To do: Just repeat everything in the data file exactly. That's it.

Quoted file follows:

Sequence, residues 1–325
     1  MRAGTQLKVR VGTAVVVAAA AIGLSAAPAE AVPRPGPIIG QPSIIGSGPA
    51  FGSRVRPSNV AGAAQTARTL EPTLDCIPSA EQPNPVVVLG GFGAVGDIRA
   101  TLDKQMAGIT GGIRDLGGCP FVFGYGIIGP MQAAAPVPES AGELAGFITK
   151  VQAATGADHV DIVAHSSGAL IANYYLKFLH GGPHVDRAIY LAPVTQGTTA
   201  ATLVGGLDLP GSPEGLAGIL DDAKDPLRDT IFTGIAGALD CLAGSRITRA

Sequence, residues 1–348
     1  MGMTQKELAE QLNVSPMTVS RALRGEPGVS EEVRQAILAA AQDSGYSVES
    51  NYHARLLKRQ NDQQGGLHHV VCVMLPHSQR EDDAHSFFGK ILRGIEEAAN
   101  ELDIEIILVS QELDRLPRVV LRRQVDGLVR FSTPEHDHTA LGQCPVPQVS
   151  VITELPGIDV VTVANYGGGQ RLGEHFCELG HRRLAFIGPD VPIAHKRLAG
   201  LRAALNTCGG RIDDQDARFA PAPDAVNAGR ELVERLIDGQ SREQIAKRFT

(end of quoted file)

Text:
Sequence, residues 1–325
     1  MRAGTQLKVR VGTAVVVAAA AIGLSAAPAE AVPRPGPIIG QPSIIGSGPA
    51  FGSRVRPSNV AGAAQTARTL EPTLDCIPSA EQPNPVVVLG GFGAVGDIRA
   101  TLDKQMAGIT GGIRDLGGCP FVFGYGIIGP MQAAAPVPES AGELAGFITK
   151  VQAATGADHV DIVAHSSGAL IANYYLKFLH GGPHVDRAIY LAPVTQGTTA
   201  ATLVGGLDLP GSPEGLAGIL DDAKDPLRDT IFTGIAGALD CLAGSRITRA

Sequence, residues 1–348
     1  MGMTQKELAE QLNVSPMTVS RALRGEPGVS EEVRQAILAA AQDSGYSVES
    51  NYHARLLKRQ NDQQGGLHHV VCVMLPHSQR EDDAHSFFGK ILRGIEEAAN
   101  ELDIEIILVS QELDRLPRVV LRRQVDGLVR FSTPEHDHTA LGQCPVPQVS
   151  VITELPGIDV VTVANYGGGQ RLGEHFCELG HRRLAFIGPD VPIAHKRLAG
   201  LRAALNTCGG RIDDQDARFA PAPDAVNAGR ELVERLIDGQ SREQIAKRFT